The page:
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For the second consecutive year, the ICT4Peace Foundation was invited to host a thematic Workshop at the annual WSIS forum in Geneva. Under the title Mainstreaming Crisis Mappers and Social Media in Crisis on Wednesday 18 May, the Foundation had a panel discussion that was also live broadcast on the Internet. WSIS has given this link as the temporary archive of the live video feed.

The submissions of the panelists and our live tweeting clearly demonstrated the degree to which social media and ICTs had progressed in relief work even over one year.

Panelists from UN agencies repeatedly noted that web based social networks and ICTs were an integral part of their operations, including content from Twitter and Facebook. Stressing the need for accountability, many suggested that new tools and mobiles helped more than before victims help themselves and each other after a disaster. And yet challenges regarding adoption were also placed for consideration including the fact that it was not always easy to use new technologies in the aftermath of a large scale sudden onset disaster, or in other crisis situations. A key driver of the UN CiM process supported by the ICT4Peace Foundation - the availability of Common Operations Datasets (CODs) - was also underscored by panelists, who said that not all data was the same, who noted that how best to collect, analyse, visualise data as well categorise it remained key challenges for the UN system as well as other crisis mapping actors. Panelists also brought out a gendered critique of new technologies, suggesting that it was important to look at who actually owned and had access to ICTs that could be of use post-disaster as well as for disaster preparedness.

Panelists also stressed the issue of accountability and the responsibility to asses new ICT tools and platforms from the perspectives of the disaster affected community, with humility and eschewing what is a tendency amongst actors in relief work to take credit for when things go right, and disavow responsibility for when expectations are not met, go unheeded and in some cases, threaten lives.


  • Tom de Groeve, EC Joint Research Center
  • Andreas Wigger, ICRC
  • David Kaatrud, WFP
  • Andrew Alspach, UN OCHA
  • Kimberly Roberson, UNHCR
  • Sanjana Hattotuwa, ICT4Peace Foundation and TED Fellow
  • Daniel Stauffacher, ICT4Peace Foundation, Moderator

Background note for the panel discussion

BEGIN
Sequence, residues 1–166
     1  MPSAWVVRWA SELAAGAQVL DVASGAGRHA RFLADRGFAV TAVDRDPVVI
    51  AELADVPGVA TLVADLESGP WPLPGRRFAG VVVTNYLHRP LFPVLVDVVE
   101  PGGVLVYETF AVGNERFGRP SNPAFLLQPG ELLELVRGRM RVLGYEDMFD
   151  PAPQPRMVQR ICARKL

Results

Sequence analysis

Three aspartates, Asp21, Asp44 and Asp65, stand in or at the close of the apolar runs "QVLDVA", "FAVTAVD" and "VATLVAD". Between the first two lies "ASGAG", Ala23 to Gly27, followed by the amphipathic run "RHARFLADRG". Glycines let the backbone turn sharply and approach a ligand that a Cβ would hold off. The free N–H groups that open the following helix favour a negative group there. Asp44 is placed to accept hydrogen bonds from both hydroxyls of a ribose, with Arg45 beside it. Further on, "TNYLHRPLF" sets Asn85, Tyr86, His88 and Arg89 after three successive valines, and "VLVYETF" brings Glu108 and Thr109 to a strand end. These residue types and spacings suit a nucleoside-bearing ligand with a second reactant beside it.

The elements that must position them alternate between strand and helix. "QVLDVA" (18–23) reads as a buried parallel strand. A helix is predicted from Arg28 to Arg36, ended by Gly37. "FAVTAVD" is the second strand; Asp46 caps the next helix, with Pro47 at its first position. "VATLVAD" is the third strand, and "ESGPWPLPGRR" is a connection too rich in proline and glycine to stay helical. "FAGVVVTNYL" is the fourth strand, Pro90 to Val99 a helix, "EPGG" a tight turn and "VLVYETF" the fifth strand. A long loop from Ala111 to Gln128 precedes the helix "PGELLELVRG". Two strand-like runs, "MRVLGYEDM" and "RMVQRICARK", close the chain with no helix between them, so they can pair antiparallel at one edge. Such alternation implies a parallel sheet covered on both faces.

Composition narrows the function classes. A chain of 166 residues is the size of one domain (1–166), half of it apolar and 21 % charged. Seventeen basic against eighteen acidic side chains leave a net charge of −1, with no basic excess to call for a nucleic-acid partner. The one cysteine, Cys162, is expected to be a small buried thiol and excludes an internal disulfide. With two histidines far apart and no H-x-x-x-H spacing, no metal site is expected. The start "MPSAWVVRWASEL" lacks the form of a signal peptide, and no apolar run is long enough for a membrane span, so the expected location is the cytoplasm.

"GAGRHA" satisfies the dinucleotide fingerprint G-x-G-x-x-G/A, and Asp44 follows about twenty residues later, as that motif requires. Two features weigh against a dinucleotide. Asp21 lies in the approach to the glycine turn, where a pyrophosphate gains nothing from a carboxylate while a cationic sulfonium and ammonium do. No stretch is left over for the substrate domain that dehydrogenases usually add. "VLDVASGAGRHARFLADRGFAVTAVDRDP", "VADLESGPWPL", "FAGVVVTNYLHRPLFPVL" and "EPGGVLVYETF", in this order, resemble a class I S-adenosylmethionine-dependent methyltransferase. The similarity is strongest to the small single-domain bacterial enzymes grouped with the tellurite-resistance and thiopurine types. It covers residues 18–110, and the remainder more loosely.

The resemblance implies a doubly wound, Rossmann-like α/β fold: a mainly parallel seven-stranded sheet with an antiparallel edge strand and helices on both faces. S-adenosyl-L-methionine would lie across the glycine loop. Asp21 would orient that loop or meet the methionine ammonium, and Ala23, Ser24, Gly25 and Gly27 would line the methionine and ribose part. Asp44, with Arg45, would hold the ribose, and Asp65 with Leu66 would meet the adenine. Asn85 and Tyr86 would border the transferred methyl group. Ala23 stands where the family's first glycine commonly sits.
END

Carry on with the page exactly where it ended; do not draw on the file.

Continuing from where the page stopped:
ICT is a huge enabler and source of empowerment, allowing individuals to take some, albeit limited, control of their own destiny within the chaotic framework of a crisis, natural disaster or post-conflict situation. From the SMS/text messages of Haitian earthquake victims and refugees in Darfur to Rwandan farmers checking grain prices on-line, ICT provides a tool with which individuals can share and obtain information. In some cases this can mean the difference between life and death, economic survival or abject poverty. In turn, the compilation of all these pieces of data on crowd-sourcing platforms and other databases provides an overall picture of a given situation, which can be very useful to humanitarian responders and governments in times of crises, war, conflict and state-building.

Approaching humanitarian relief, with an increasing emphasis on ICT, brings with it hope for a better future but at the same time significant challenges. How can the humanitarian community and other actors physically assess the mountains of data that come in? What steps does the humanitarian community need to take in order to manage this process? How can the accuracy of the information coming into a given platform be validated, in particular in conflict situations where misinformation is often used as a weapon? How can individuals in conflict situations, who provide valuable information, be protected?

Another important series of issues also need to be discussed about the responsibility and role of technology providers. What responsibility do technology platform providers have? What happens when collected information cannot be acted on? How can the links between the information gathering and implementation be improved? How can responders ensure that new systems uphold the “do no harm” principle of the humanitarian community? What criteria exist, or should exist, for ICT providers (including crisis mappers and social media) to determine which crises they should address or “map”?

At the end of the day, the question remains as to whether or not we will be able to use improved ICT in such a way so as to significantly improve the situation for victims of crises. Does increased ICT ability and use really mean progress and reduced loss of life? To date, the jury is out but at a minimum new technology provides an opportunity to re-think how we respond to crises, how we prepare communities for disasters and we manage conflict and post-conflict situations.